Conservative candidate a no-show at byelection forum on municipal issues
With just days before the polls open, candidates in Calgary’s upcoming City Centre federal by-election gathered Nov. 18, for a lively forum at the Central Library.
The forum grilled candidates on the specifics of how they plan to advocate for Calgary if elected to the House of Commons.
Green Party Candidate Chris Turner, NDP candidate Dan Meades and Liberal
Party candidate Harvey Locke all attended the Cities Matter forum.
Notably absent was Progressive Conservative candidate Joan Crockatt, who publicly opted to go door-knocking in Calgary Centre communities rather than attend the forum.
Sunday’s forum focused on the future of federal funding for infrastructure,
Photo by Krystal Northeytransit, arts and poverty reduction in Calgary. Audience members were also given the opportunity to submit questions to the candidates.
Throughout the event, candidates took time to make occasional jabs at each other’s respective parties, but spent the majority of the time united in wide-ranging criticism of the Harper Government’s treatment of the City of Calgary.
With Crockatt nowhere to be found, jokes and comments rang out undefended across the packed John Dutton Theatre.
Elephant not in the room
The debate on Nov. 18 was organized by the Calgary Public Library, a handful of community associations and the office of the mayor.
Mayor Nenshi addressed the crowd briefly after the forum, speaking on the importance of standard of living to Calgary’s economy.
“I’ve got no horse in this race,” said Nenshi, adding, “Well that’s not true, I have a horse in this race, and the horse in this race is the same horse all of you have and that’s this city.”
Photo by Krystal Northey“I think it’s important every candidate have the opportunity to talk to you directly about what they stand for, about how they will fight for this city.”
Crockatt’s absence was also briefly discussed. “I should address the elephant in the room, or should I say the elephant not in the room,” Nenshi said to the crowd.
Nenshi had called on the Conservative candidate to attend the event via a tweet last Nov. 15. The mayor’s invitation was declined by default, but Crockatt did contact Nenshi late Nov. 17, again by Twitter, with a request.
“Hope you give the Conservative Party credit tomorrow for giving cities stable, predictable funding through the $2 billion gas tax,” Crockatt tweeted.
Nenshi responded to those remarks by saying that speaking on Crockatt’s behalf was not his job, and that Crockatt could consider coming to speak to the audience herself.
Also absent from the forum was Liberal Party candidate Tony Prashad and Independent Antoni Grochowski. The two candidates were not invited to take part as only candidates from parties with MPs currently holding seats in the House of Commons were invited to attend.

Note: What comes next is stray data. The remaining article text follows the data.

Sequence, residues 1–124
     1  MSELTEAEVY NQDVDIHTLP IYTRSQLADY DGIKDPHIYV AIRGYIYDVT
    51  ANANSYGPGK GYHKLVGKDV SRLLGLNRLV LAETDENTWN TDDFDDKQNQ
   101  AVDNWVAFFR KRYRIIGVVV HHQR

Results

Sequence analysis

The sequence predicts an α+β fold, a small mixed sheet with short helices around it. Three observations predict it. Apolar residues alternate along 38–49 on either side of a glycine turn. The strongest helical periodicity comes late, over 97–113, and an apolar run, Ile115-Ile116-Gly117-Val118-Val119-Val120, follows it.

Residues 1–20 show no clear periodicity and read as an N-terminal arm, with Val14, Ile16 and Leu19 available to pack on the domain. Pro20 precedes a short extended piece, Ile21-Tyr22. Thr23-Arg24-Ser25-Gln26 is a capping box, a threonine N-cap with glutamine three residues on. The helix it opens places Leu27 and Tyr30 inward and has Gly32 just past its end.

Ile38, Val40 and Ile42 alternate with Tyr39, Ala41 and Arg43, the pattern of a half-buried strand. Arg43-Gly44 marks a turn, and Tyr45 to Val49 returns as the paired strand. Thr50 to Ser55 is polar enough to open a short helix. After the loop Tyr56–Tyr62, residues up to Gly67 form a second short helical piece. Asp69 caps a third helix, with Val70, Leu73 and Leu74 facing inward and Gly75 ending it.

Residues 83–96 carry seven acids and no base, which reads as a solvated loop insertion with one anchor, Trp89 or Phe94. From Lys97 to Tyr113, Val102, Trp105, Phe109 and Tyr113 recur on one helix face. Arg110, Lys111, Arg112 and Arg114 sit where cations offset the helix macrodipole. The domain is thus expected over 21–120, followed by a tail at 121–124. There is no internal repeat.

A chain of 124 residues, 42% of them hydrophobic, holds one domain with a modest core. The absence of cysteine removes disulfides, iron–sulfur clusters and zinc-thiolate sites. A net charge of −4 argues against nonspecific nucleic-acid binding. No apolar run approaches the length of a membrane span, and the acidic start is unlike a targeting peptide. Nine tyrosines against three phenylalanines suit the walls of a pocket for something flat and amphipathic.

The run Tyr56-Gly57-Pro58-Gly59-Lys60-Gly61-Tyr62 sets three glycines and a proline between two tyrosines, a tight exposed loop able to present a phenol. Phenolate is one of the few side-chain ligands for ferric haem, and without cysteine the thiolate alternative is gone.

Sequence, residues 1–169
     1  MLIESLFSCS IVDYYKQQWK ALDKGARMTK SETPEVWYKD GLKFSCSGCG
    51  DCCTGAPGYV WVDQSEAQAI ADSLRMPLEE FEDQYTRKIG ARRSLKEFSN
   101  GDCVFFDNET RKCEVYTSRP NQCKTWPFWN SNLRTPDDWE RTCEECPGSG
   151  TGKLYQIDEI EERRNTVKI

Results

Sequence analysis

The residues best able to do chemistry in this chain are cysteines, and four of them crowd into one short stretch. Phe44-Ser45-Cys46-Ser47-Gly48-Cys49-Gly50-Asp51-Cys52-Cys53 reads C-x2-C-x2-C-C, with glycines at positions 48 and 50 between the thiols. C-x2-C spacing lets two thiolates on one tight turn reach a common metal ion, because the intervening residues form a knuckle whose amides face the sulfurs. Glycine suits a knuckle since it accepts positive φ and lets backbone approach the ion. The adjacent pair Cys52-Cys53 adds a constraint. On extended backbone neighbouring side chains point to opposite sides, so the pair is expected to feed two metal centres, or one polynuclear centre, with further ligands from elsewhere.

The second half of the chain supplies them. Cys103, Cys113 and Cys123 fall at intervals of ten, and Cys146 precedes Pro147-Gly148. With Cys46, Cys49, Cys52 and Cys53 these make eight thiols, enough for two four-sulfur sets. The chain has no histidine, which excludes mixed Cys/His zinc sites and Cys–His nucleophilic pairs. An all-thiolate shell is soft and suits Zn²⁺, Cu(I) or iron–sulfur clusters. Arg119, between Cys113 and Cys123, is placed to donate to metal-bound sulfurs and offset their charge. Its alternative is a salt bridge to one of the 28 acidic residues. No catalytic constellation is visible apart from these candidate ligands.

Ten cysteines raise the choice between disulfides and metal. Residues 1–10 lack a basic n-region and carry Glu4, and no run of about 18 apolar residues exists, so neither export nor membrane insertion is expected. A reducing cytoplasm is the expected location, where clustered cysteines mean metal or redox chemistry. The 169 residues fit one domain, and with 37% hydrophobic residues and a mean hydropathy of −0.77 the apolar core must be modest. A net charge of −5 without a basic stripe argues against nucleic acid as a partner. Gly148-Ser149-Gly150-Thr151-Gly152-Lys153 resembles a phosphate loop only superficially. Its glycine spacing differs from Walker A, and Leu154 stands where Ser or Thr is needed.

Supporting a national transit strategy
First on the agenda was a potential National Transit Strategy, an issue that saw all three candidates in attendance united in a call for “more stable and predictable” funding for Calgary transit from the federal government.
Turner called the issue the first priority of his campaign, while Meades argued that NDPs, led by MP Olivia Chow, are currently putting the most pressure on Ottawa for a national transit plan.
Locke referenced a perceived disparity between Calgary and other cities in terms of transit funding.
“Cities like Waterloo and Ottawa get federal funding to get their LRT lines, and Calgary does not. $300 million in one case $600 million in another, Calgary gets zip,” he said.
Recreation funding woes
Some of the harshest criticism of the afternoon came when moderator David Gray asked candidates to recall their positions on Calgary losing $100-million in federal funding for recreation centres last year.
The question came in reference to Public-Private Partnerships, commonly known as PPP, a federal program that allows governments of all levels to apply for federal funding for infrastructure projects.
According to the Mayor’s Office, the city spent $3.1 million during the PPP application process, and received preliminary approvals for the proposals. However, the 100 million dollar proposal was denied funding by the federal cabinet, at the eleventh hour.
“If that had happened in any other city in this country, there would have been MPs crying bloody murder,” Meades said of the funding controversy.
“Here in Calgary we heard nothing from our MPs of the incident.”
Turner argued that while the Tories likely denied the funding in the name of fiscal conservatism, funding for things like recreation would likely strengthen Calgary’s livability, and therefore its economy.
“If we want the best and brightest to settle here and make their lives here, salary’s not going to do it, job opportunities alone are not going to do it,” Turner said.